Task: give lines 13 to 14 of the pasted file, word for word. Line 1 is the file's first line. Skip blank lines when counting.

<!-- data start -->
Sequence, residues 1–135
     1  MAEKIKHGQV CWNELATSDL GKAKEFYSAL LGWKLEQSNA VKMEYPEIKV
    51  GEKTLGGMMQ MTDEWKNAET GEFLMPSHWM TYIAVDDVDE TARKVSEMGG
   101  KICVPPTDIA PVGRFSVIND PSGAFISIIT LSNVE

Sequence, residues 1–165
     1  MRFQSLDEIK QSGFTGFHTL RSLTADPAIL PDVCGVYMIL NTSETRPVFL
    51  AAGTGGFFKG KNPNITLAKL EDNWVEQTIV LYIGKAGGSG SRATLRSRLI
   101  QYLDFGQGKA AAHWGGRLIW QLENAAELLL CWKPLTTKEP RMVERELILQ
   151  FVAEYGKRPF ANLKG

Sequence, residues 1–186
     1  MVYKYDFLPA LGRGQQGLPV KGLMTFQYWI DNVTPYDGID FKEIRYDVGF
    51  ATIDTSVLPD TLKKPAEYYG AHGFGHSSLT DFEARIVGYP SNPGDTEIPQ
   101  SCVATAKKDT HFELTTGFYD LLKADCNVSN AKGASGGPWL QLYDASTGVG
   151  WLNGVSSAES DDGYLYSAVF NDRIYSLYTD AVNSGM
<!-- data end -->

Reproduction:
   101  SCVATAKKDT HFELTTGFYD LLKADCNVSN AKGASGGPWL QLYDASTGVG
   151  WLNGVSSAES DDGYLYSAVF NDRIYSLYTD AVNSGM